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Book Review/Science in the Media

Dissecting the Urge to Create

  • Nancy C Andreasen
  • Published: February 17, 2004
  • DOI: 10.1371/journal.pbio.0020047

Creative human beings are the torch-bearers of civilization. How does their creativity arise? What causes some minds/brains to achieve awe-inspiring artistic or scientific achievements? We cannot help but be fascinated by the fact that Shakespeare—a merchant's son with “small Latin and less Greek”—could emerge from the “nowhere” of rural Stratford to create the richest literary treasure in the English language. We wonder how Michelangelo—a stonecutter's son who also came from a rural nowhere—found within himself the vision to see the shape of David in a block of discarded marble or the apolcalyptic fresco of The Last Judgment on the wall of the Sistine Chapel. What genetic influences shaped their brains to create—and to create these very specific wondrous things? How did their environments promote or impede them? Would Michelangelo have been great without the patronage of the Medicis or the competitive edge induced by Leonardo? Great art and great science are indeed often forged in the smithy of pain—with the fire fueled by self-doubt, obsessive preoccupation, sorrow, depression, competition, or economic needs.

The Midnight Disease: The Drive to Write, Writer's Block, and the Creative Brain by Alice Weaver Flaherty unites two intrinsically fascinating domains of knowledge—the workings of the brain and the nature of creativity. Its author, a neurologist who has also become a writer by virtue of having published her first nonacademic book, draws on her knowledge of neuroscience, her medical career as a clinician, and her experiences as a patient. Early in the book, she describes her own hospitalization for manic-depressive illness, a disclosure that implicitly places her in the pantheon of other artists who have suffered from serious mental illness and provides her with lustre-by-association. The result of all these juxtapositions is, however, a somewhat disconcerting blend of pop-science and pop-confessional genres. The author frequently talks to us in the first person, but one is not quite sure which person (the neuroscientist, the doctor, or the patient) is actually speaking. In other words, this book has a jarring lack of a strong single voice, despite a knack for often finding a fine turn-of-phrase or a clever word choice.

Given that the book topic is promising and that the author can often write very well, it is dismaying that this book is not better than it is. It is written for the intelligent lay public, many of whom avidly collect and read “brain books” to expand their minds. Most painful is the fact that this book is filled with factual errors, glib and misleading generalizations, and careless misstatements. Perhaps most shocking and most erroneous, we are told (by a neurologist!) that “The tips of the temporal lobe can be lopped off without much changing a person's behavior.” HM, the most famous patient to receive bilateral temporal lobectomy, remains frozen in a past linked to a never-changing present because he lost the capacity to retain new memories. Temporal lobe syndromes are discussed more accurately later in the book, but that is a weak excuse for this early error.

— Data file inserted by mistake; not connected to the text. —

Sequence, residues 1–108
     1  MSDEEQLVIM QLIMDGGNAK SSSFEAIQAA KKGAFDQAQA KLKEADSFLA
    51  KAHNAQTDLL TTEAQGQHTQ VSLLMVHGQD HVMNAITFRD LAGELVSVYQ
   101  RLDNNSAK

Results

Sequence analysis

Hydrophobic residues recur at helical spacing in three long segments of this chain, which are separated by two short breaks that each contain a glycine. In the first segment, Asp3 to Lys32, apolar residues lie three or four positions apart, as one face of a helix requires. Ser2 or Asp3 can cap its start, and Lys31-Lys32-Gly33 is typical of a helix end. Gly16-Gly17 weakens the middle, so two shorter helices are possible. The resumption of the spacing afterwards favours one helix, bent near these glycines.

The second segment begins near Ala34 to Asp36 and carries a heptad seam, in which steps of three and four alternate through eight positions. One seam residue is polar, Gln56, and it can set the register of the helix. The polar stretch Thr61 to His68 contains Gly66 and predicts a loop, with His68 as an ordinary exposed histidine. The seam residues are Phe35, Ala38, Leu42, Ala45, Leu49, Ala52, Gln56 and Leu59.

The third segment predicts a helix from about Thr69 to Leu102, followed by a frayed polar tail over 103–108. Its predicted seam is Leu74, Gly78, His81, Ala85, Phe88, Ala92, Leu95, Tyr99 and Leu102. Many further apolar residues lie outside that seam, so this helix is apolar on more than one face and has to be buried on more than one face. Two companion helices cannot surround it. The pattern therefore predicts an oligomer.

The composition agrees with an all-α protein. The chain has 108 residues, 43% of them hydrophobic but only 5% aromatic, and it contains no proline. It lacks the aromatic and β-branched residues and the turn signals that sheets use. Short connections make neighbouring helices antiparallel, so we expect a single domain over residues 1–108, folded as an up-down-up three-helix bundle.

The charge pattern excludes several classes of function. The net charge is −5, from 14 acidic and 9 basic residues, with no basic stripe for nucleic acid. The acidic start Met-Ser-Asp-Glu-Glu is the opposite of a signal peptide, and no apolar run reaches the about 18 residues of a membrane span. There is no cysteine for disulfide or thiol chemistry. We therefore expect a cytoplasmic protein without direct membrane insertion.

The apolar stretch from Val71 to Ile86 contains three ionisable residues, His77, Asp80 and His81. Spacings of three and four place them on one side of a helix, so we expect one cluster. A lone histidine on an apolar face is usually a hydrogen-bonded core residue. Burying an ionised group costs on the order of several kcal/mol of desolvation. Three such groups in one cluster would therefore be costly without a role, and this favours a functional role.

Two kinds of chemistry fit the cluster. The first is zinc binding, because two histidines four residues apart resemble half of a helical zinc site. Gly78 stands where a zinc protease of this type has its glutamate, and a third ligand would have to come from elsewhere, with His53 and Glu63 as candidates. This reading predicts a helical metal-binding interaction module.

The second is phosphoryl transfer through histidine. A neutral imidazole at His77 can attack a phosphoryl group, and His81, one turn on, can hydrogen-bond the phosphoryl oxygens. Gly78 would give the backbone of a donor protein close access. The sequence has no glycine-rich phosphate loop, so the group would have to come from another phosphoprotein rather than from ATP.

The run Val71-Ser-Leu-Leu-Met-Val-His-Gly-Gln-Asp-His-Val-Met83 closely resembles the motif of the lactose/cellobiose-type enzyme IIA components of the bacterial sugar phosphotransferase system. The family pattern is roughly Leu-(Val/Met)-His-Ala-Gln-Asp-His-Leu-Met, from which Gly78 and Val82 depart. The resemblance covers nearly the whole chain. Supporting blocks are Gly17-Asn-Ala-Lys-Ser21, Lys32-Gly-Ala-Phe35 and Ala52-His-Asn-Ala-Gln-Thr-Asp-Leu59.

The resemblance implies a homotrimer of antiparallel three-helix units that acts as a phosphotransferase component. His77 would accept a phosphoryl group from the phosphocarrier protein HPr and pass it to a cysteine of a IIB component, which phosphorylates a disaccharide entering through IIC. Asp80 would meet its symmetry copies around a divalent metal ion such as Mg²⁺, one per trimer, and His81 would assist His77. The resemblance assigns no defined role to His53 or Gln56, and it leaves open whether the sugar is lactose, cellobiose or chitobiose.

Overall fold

We are also told that “manic depression is a genetically transmitted syndrome” (when, in fact, no replicable genetic loci have yet been identified), that “a very high proportion of manic depressives become writers” (the lifetime prevalence rate of bipolar disorder is approximately 1%, and only a tiny proportion of that 1% are writers), and that “electrophysiology, because it is dangerous, is rarely performed” (electrophysiology tools—e.g., the study of evoked potentials or electroencephalograms—are noninvasive and frequently used; recordings of the activity of individual neurons with electrodes placed in the gray matter are indeed rare, but nothing from the context suggests that this particular type of electrophysiology is being discussed). There are many more such careless misstatements. The intelligent lay reader deserves better than this.

The book raises and addresses a variety of interesting questions that have intrigued many thoughtful people for more than two millennia. What is the nature of creativity? What is the difference between skill and creativity? What is the relation between mental illness and creativity? Is creativity inhibited when mental illnesses are treated? What is the relation between mind and brain? The book also addresses some unique and interesting twists on these questions. Its focus is the domain of writing, drawing from the author's own experience of a compulsion to write, or hypergraphia, following a pyschic break. What is the relationship between hypergraphia and the brain? Between writer's block and the brain? Are these problems always pathological, or do they sometimes enhance creativity? Does that college student who can't finish a term paper have a “disease”? Can “mind-expanding” drugs that affect the brain enhance creativity?

In short, The Midnight Disease raises many important questions, but fails to address them completely and accurately. There is much more to learn, and much more to say, about the nature of creativity, its origins in the mind/brain and in the human genome, and its boundaries with health and disease.